27
Problem Solving
  • Some problems will occur
  • Student must ask for help, in this order
  • Host family
  • Club counselor
  • Club youth exchange officer
  • District Youth exchange committee (inbound chair,
    YEO, committee)
  • Do not let small problems become big problems

28
Being the 2nd/Last Host Family
  • Second (or Third) Host Family
  • Transition issues
  • New family practices
  • Language and culture begin to click
  • Last Host Family
  • Comfortable with language and culture
  • Big events prom, graduation, departure
  • Preparing for separation
  • Tearful goodbyes

29
Sibling Relationships
  • The Good
  • Set the example
  • Be a protector and a listener
  • Introduce to friends activities
  • The Not-so-good
  • Jealousy
  • Withdraw from family exchange student

30
Medical Insurance Care
  • All Inbounds Insured (keep cards on them at all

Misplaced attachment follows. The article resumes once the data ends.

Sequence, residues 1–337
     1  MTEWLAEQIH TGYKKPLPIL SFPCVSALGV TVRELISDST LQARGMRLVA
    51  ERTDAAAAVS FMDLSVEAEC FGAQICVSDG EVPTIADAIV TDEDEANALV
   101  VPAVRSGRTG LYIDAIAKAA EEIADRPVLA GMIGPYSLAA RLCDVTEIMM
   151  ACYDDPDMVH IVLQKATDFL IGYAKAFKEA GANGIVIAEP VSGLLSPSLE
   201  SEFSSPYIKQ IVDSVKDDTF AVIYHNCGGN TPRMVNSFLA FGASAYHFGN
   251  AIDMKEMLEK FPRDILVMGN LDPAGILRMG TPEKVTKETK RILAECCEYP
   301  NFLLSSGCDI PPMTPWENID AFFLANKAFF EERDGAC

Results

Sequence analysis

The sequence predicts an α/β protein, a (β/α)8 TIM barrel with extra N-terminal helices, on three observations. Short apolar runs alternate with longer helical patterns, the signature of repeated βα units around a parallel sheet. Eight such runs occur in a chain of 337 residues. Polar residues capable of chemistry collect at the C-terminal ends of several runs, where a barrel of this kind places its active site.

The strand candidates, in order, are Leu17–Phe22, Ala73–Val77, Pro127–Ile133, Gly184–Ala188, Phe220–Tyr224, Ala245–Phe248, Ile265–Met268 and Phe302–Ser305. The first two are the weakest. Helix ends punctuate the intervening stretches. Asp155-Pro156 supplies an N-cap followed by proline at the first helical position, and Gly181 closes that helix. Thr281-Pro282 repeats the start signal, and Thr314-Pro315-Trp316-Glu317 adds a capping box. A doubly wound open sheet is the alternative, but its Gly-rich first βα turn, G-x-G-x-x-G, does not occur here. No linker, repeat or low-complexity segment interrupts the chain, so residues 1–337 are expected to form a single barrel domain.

times)
  • Plan B CISI/Bolduc policy normally
  • Plan A for Sweden, Belgium, Danish students who
    bring insurance from their country
  • CISI/Bolduc Plan B
  • Medical per Accident/Illness - 500K
  • Repatriation - 10K
  • Medical Evacuation - 50K
  • Deductible - 100 One time
  • Web Site www.cisi-Bolduc.com

31
Medical Insurance Care
  • In the event of illness/accident
  • Stabilize first
  • Call Rotary Contact in Club (counselor, YEO)
  • Emergency medical release provided by family
  • Be sure each host family has copy of release form
  • Part of students application
  • Use club member or host family doctors
  • Notifying students family
  • Let Rotary do the contacting once details are
    known

32
Student Finances
  • Emergency Fund
  • 400.00 from students maintained by Host Club
  • True emergencies medical, etc.
  • Monthly Stipend from Rotary
  • Student Bank Account
  • Rotarian normally co-signs
  • Student may have home Credit/Debit Card
  • Student should not overspend